A health care worker takes a nasal swab sample at a COVID-19 testing site in Los Angeles, California on July 24, 2020 (AFP / Valerie Macon)

US far from reaching herd immunity for COVID-19

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A Facebook post shared thousands of times claims the United States has reached herd immunity for COVID-19. But experts say this is false, and that the country is far from the point where enough people have the immunity necessary to curb the disease’s spread.

“POSITIVITY RATE SHOWS HERD IMMUNTIY HAS BEEN REACHED,” says the August 4, 2020 Facebook post from Matthew McBride, who bills himself as a “health policy expert.”

“In fact, it was probably reached in May,” according to the post, which includes a chart from Johns Hopkins University that McBride incorrectly says supports the herd immunity conclusion.

A screenshot taken on August 13, 2020 shows part of a Facebook post

The novel coronavirus -- which causes COVID-19 -- has killed more than 750,000 people worldwide since late 2019, nearly a quarter of them in the United States, which has the highest number of infections of any country in the world but has nonetheless proceeded with reopening the economy.

A false belief that COVID-19 herd immunity has been reached could push people to take unnecessary risks, leading to more infections and a worsening of the coronavirus crisis.

“We’ve not reached herd immunity,” Dr John Wherry, the director of the University of Pennsylvania’s Institute of Immunology, told AFP by phone.

“We’re seeing infection rates continue to rise exponentially in some places, and without... social distancing and other efforts, we are not seeing that spread curbing, which means that the rate of transmission remains extremely high, as if the population as a whole is still very susceptible,” Wherry said.

“Herd immunity for different infections can vary a little bit. Typically depending on the infection you think about somewhere in the range of... maybe 60 to 80 percent of a susceptible population being immune,” he said.

Currently, “our estimates are somewhere between maybe five and 15 percent of the US population has been infected and might have immunity or antibodies.”

Dr Shelley Payne, director of the LaMontagne Center for Infectious Disease at the University of Texas at Austin, said that “the data do not indicate that herd immunity has been reached in the US.”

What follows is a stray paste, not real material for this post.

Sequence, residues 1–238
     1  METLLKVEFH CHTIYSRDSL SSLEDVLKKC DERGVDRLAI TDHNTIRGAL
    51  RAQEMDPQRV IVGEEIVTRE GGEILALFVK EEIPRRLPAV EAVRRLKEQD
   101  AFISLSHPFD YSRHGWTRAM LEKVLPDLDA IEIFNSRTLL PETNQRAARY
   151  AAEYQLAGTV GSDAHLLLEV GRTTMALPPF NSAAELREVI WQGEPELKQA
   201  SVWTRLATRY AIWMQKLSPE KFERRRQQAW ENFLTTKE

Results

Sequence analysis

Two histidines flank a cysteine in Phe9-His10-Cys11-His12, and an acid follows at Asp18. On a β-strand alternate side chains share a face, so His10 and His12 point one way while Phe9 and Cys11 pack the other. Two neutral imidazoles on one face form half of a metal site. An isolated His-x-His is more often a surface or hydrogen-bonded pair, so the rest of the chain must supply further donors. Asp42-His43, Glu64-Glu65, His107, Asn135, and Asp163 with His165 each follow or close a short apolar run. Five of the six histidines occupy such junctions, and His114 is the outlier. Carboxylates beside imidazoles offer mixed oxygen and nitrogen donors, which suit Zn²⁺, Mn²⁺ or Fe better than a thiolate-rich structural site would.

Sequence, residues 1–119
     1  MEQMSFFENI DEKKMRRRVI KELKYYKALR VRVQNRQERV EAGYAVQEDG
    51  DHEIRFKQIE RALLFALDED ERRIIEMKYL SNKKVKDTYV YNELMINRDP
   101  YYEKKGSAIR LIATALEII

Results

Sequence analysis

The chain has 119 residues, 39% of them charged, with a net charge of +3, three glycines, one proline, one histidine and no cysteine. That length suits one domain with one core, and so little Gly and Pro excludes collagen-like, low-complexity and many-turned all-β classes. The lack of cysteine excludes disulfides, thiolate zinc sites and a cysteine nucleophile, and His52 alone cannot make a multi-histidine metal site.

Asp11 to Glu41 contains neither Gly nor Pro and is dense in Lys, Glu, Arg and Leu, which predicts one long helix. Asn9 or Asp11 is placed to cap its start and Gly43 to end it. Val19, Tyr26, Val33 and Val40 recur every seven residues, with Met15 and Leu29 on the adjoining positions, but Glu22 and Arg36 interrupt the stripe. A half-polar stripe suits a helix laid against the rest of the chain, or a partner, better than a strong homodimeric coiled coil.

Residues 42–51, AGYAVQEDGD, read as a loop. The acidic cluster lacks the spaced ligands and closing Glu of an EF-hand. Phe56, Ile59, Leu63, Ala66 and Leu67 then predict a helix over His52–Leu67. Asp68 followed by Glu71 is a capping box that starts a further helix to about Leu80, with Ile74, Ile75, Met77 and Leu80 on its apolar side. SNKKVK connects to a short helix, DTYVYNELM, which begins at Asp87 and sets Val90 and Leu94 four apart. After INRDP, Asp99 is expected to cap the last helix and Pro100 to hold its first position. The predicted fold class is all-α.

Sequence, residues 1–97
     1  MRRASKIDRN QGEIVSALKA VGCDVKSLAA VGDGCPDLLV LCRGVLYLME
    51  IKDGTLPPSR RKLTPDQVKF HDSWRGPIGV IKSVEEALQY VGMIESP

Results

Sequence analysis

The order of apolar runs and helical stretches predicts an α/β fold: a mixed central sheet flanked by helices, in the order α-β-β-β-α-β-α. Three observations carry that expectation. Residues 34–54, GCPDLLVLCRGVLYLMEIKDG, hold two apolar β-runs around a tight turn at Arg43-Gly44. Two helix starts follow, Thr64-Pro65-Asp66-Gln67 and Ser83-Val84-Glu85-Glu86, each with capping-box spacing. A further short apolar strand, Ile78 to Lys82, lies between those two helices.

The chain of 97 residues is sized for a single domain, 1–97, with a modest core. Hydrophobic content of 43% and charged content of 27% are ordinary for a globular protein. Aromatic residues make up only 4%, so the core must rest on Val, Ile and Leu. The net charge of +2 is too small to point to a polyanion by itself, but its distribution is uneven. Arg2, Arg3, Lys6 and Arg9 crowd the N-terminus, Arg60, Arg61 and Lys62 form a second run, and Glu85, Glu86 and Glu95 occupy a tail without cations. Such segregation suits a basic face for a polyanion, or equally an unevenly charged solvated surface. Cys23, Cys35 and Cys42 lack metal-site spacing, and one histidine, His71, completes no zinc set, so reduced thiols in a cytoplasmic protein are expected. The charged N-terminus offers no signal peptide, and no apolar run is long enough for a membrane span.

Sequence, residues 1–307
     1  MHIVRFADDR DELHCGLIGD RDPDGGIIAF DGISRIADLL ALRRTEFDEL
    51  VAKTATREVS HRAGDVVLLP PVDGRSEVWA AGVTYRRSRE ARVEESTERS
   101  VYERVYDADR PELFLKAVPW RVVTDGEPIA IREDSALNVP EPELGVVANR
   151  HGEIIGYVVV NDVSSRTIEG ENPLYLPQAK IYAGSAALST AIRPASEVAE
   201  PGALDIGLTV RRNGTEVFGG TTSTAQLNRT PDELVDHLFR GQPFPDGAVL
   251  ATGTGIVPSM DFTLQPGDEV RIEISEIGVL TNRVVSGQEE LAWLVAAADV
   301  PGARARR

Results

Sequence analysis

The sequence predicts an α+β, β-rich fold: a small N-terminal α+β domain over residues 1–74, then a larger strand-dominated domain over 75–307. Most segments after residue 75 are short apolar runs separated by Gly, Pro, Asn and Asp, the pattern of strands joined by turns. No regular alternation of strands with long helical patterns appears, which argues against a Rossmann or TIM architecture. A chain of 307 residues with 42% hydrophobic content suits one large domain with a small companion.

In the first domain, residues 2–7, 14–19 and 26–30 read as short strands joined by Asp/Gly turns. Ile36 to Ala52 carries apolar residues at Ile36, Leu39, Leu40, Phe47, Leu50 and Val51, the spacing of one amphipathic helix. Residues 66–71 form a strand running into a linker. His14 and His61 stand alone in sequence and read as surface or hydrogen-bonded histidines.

“Herd immunity will require that a large proportion of the population be infected and have immunity to the virus. We are not there yet,” she said by email.

Payne noted that Johns Hopkins University, which is tracking the spread of COVID-19, suggests that COVID-19 herd immunity will require 70 percent of the population to be immune to the disease.

“The number of confirmed infections in the US is about five million, which is less than two percent of the population. Even if this vastly underestimates the number of infections, we are nowhere near 70 percent,” she said.

According to the Mayo Clinic, herd immunity can be achieved through vaccination or natural infection. But COVID-19 vaccines are still in clinical trials, and it “isn't yet clear if infection with the COVID-19 virus makes a person immune to future infection.”

False information about herd immunity poses both health and economic risks.

If people think it has been reached when it has not, they “will stop wearing masks, or think that social engagements are safer than they are,” Wherry said.

“The risk of thinking that we’ve reached herd immunity is that we will see the pandemic continue to spread, we’ll see increased mortality, and we’ll actually see that instead of being able to partially open the economy, we’re gonna have to shut down everything, causing even greater economic problems,” he said.

AFP Fact Check has debunked more than 600 examples of false or misleading information about the novel coronavirus crisis. A complete list of our fact checks on the topic in English can be found here.